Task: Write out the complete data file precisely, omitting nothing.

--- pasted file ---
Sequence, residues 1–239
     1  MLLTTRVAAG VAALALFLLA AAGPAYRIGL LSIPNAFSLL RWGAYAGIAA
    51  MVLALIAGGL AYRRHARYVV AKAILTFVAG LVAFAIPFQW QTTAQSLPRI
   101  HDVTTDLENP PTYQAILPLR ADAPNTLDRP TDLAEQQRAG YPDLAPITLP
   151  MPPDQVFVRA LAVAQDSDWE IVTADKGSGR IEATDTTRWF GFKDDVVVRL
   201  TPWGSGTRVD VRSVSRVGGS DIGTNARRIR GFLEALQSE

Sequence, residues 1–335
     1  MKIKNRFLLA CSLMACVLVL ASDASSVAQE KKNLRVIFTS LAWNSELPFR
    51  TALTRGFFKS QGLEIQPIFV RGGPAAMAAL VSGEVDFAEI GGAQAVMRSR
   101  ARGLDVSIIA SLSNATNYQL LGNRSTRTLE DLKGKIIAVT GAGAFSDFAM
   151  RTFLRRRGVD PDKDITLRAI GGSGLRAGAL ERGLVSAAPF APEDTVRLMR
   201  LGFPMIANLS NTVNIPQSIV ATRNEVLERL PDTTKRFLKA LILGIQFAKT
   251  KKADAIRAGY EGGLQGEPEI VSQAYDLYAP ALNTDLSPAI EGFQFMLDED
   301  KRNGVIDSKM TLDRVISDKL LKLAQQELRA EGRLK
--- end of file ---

Sequence, residues 1–239
     1  MLLTTRVAAG VAALALFLLA AAGPAYRIGL LSIPNAFSLL RWGAYAGIAA
    51  MVLALIAGGL AYRRHARYVV AKAILTFVAG LVAFAIPFQW QTTAQSLPRI
   101  HDVTTDLENP PTYQAILPLR ADAPNTLDRP TDLAEQQRAG YPDLAPITLP
   151  MPPDQVFVRA LAVAQDSDWE IVTADKGSGR IEATDTTRWF GFKDDVVVRL
   201  TPWGSGTRVD VRSVSRVGGS DIGTNARRIR GFLEALQSE

Sequence, residues 1–335
     1  MKIKNRFLLA CSLMACVLVL ASDASSVAQE KKNLRVIFTS LAWNSELPFR
    51  TALTRGFFKS QGLEIQPIFV RGGPAAMAAL VSGEVDFAEI GGAQAVMRSR
   101  ARGLDVSIIA SLSNATNYQL LGNRSTRTLE DLKGKIIAVT GAGAFSDFAM
   151  RTFLRRRGVD PDKDITLRAI GGSGLRAGAL ERGLVSAAPF APEDTVRLMR
   201  LGFPMIANLS NTVNIPQSIV ATRNEVLERL PDTTKRFLKA LILGIQFAKT
   251  KKADAIRAGY EGGLQGEPEI VSQAYDLYAP ALNTDLSPAI EGFQFMLDED
   301  KRNGVIDSKM TLDRVISDKL LKLAQQELRA EGRLK